Until a few years ago, whenever I appeared before Judge Hendel, he asked how Suleiman was doing and what I was doing to get him released. I was ashamed to say that there was actually no more that I could do.
Justice Hanan Melcer was appointed to the Supreme Court from the private sector in the period when Justice Minister Daniel Friedmann decided to appoint justices from outside the system – the same period in which Friedmann offered me an appointment to the Supreme Court, as I’ve written about before. I knew Hanan Melcer as a decent, worthy, unaggressive lawyer, an expert of the first rank in the field of administrative law. We even appeared together in the same case.
Here are three justices who, each by their own path, reached the summit of the world of law, Supreme Court justices over whom there is no authority other than the law. Each of them is a Lionel Messi or a Lebron James in his field. Even in the dressing room, stripped of their robes, there’s an aura about them.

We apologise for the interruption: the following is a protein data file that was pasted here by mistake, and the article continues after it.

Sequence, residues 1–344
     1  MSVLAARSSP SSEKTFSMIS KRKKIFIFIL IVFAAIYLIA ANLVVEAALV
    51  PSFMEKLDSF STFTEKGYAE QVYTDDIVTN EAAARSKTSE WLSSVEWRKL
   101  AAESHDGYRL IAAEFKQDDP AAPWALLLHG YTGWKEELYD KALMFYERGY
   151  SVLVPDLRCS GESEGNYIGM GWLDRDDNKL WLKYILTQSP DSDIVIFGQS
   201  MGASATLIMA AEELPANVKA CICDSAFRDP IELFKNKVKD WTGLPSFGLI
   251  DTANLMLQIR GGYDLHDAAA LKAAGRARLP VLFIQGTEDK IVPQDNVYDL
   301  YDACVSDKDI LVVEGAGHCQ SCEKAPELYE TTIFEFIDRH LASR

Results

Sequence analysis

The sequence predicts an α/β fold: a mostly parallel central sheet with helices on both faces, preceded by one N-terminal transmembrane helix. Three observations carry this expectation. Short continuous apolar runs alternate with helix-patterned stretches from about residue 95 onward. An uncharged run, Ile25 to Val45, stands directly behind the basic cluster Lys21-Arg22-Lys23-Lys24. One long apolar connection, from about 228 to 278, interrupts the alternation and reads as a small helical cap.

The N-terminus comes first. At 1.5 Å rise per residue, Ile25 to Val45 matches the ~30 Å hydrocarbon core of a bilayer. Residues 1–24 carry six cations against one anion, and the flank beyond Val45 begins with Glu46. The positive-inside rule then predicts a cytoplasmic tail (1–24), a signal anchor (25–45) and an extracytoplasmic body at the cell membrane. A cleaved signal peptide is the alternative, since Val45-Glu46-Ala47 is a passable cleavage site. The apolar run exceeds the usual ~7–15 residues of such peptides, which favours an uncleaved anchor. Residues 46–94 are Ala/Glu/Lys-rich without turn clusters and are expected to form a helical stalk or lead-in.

Then why did three decent people rule on May 23, 2018, that the Israel Defense Forces’ use of live fire against Palestinians at the Gaza Strip border fence was in accordance with Israeli law, the rules of engagement and international law; that participants in the recent demonstrations constituted a concrete danger to the soldiers and to the citizens of the State of Israel; and that there was no way to stop them other than by live fire, which killed some 110 people, inflicted serious bullet wounds on about 1,500 people, and slightly wounded another 1,500 or so, most of them young, some of them children, as well as medical teams?
Only relatives of those wounded or those who have been seriously or moderately wounded themselves know how severely injuries like those can affect a family. Change life from beginning to end. Quash all hope.
There are moments in Courtroom C when a heavy cloud covers the skylight and a strange darkness descends upon the hall. Is that what happened here? The petitioners refused to agree to you – the justices – perusing the intelligence material in their absence. They already know how in the case of the expulsion of the asylum seekers the state prosecution misled the court seriously, so why trust it now to present a true rather than a false document?
The petitioners, too – lame, amputees, jawless, figures out of Hieronymus Bosch who huddled by the door of Courtroom C (the president’s courtroom) in a line that extended as far as Courtroom E – wanted to know why they’d been shot. You won’t go in there without us, they told their lawyers from the human-rights organizations.